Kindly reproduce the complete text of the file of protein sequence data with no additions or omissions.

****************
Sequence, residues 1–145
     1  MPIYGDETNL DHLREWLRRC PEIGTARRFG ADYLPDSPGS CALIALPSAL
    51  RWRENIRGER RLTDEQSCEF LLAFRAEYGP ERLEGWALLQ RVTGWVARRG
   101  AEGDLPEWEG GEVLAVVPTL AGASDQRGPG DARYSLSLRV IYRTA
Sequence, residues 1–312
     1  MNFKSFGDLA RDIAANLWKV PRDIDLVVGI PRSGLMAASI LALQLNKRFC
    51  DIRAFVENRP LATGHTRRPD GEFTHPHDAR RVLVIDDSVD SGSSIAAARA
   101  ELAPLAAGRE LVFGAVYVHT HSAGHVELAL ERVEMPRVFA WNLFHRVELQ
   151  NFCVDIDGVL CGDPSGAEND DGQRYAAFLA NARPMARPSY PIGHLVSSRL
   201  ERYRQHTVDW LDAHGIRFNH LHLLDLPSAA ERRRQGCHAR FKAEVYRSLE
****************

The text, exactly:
Sequence, residues 1–145
     1  MPIYGDETNL DHLREWLRRC PEIGTARRFG ADYLPDSPGS CALIALPSAL
    51  RWRENIRGER RLTDEQSCEF LLAFRAEYGP ERLEGWALLQ RVTGWVARRG
   101  AEGDLPEWEG GEVLAVVPTL AGASDQRGPG DARYSLSLRV IYRTA
Sequence, residues 1–312
     1  MNFKSFGDLA RDIAANLWKV PRDIDLVVGI PRSGLMAASI LALQLNKRFC
    51  DIRAFVENRP LATGHTRRPD GEFTHPHDAR RVLVIDDSVD SGSSIAAARA
   101  ELAPLAAGRE LVFGAVYVHT HSAGHVELAL ERVEMPRVFA WNLFHRVELQ
   151  NFCVDIDGVL CGDPSGAEND DGQRYAAFLA NARPMARPSY PIGHLVSSRL
   201  ERYRQHTVDW LDAHGIRFNH LHLLDLPSAA ERRRQGCHAR FKAEVYRSLE